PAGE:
Date of this Version
Since the late 1970s, U.S. policymakers at both the federal and state levels have enacted a variety of incentives, regulations, and programs to encourage the production and use of agriculture-based biofuels. Initially, federal biofuels policies were developed to help kick-start the biofuels industry during its early development, when neither production capacity nor a market for the finished product was widely available. Federal policy has played a key role in helping to close the price gap between biofuels and cheaper petroleum fuels. Now, as the industry has evolved, other policy goals (e.g., national energy security, climate change concerns, support for rural economies) are cited by proponents as justification for continuing policy support.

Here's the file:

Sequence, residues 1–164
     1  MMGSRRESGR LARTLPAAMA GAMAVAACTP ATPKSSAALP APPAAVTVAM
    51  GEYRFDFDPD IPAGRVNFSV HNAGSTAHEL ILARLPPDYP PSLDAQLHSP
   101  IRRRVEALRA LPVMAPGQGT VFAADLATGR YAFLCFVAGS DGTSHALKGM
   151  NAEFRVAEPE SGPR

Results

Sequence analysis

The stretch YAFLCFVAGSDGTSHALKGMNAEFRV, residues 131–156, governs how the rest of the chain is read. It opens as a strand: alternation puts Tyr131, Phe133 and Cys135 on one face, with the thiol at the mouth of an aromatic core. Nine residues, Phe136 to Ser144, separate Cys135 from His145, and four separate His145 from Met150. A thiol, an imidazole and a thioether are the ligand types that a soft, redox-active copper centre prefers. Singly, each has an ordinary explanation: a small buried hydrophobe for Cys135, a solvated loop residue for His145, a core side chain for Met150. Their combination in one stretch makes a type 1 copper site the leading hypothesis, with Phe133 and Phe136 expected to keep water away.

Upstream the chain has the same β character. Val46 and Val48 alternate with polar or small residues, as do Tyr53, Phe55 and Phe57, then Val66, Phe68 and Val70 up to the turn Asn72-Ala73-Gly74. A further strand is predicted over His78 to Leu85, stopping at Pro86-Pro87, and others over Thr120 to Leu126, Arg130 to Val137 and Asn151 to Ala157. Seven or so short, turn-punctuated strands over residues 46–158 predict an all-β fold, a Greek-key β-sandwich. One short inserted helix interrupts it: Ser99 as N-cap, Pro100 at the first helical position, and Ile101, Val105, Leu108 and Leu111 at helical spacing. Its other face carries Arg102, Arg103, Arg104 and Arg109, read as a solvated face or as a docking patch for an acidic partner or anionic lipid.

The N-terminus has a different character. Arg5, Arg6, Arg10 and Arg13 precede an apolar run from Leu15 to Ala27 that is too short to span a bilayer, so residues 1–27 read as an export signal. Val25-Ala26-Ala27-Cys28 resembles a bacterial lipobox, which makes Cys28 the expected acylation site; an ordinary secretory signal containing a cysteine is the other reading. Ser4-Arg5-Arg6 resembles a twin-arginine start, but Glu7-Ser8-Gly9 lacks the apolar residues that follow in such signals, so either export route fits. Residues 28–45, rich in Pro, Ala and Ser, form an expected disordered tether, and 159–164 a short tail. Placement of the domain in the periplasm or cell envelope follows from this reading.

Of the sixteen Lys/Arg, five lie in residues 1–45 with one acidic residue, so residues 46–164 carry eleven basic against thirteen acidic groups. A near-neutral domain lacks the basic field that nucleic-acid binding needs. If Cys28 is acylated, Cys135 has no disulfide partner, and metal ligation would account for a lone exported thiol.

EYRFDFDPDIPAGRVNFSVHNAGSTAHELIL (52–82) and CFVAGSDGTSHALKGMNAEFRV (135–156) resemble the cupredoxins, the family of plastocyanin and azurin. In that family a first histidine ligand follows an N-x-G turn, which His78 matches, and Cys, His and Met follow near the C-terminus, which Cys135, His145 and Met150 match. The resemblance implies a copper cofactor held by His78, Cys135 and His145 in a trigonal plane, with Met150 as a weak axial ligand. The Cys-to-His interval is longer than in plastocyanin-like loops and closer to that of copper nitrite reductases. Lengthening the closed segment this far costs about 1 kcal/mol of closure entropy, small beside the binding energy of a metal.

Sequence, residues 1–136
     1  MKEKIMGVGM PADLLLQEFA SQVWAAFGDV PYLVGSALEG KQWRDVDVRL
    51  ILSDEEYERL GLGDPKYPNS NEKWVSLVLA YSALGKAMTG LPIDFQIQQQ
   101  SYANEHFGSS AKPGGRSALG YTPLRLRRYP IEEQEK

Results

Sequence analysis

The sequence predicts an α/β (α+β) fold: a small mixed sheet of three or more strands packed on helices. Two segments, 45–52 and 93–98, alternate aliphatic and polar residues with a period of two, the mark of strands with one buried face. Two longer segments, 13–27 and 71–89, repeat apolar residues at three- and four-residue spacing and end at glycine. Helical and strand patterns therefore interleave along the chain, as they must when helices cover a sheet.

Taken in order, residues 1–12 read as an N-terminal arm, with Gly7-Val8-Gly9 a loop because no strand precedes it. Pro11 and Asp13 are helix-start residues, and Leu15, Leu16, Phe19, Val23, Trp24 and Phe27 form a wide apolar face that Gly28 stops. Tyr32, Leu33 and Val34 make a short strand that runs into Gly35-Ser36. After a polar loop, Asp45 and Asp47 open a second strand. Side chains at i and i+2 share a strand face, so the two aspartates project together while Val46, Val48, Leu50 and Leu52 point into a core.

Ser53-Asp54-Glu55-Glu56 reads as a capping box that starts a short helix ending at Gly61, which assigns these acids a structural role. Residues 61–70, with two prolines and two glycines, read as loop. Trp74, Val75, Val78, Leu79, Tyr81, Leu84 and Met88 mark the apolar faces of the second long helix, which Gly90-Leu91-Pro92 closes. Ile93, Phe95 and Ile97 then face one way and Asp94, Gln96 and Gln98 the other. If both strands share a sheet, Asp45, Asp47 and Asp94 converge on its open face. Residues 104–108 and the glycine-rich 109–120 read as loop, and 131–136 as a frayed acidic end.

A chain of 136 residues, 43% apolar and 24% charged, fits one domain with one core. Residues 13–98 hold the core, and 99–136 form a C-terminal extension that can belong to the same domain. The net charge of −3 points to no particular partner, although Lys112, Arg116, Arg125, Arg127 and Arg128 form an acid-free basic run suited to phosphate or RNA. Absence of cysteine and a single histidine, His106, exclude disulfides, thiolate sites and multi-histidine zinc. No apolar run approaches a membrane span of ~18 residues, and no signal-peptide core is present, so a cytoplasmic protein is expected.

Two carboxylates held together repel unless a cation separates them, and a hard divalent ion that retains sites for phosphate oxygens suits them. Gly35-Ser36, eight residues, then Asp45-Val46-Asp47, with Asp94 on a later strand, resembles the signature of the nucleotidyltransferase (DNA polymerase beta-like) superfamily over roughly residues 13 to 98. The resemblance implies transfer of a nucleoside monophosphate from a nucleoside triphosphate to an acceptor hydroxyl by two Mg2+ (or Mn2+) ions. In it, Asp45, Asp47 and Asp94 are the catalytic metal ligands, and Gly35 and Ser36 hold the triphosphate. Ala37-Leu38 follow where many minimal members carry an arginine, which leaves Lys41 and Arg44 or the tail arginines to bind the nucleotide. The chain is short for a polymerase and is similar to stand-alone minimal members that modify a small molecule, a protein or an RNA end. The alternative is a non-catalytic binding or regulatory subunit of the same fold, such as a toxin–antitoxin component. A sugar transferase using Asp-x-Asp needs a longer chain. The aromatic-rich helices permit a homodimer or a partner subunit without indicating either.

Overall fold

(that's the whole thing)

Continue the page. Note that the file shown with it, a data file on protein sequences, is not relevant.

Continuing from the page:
The U.S. biofuels sector has responded to these government incentives by expanding output every year since 1996, with important implications for the domestic and international food and fuel sectors. The production of ethanol (the primary biofuel produced in the United States) has risen from about 175 million gallons in 1980 to 10.7 billion gallons per year in 2009. U.S. biodiesel production is much smaller than its ethanol counterpart, but has also shown strong growth, rising from 0.5 million gallons in 1999 to an estimated 776 million gallons in 2008 before being impeded by the nationwide financial crisis.
Despite this rapid growth, total agriculture-based biofuels production accounted for only about 4.3% of total U.S. transportation fuel consumption in 2009. Federal biofuels policies have had costs, including unintended market and environmental consequences and large federal outlays (estimated at $6 to $8 billion in 2009). Despite the direct and indirect costs of federal biofuels policy and the small role of biofuels as an energy source, the U.S. biofuels sector continues to push for greater federal involvement. But critics of federal policy intervention in the biofuels sector have also emerged.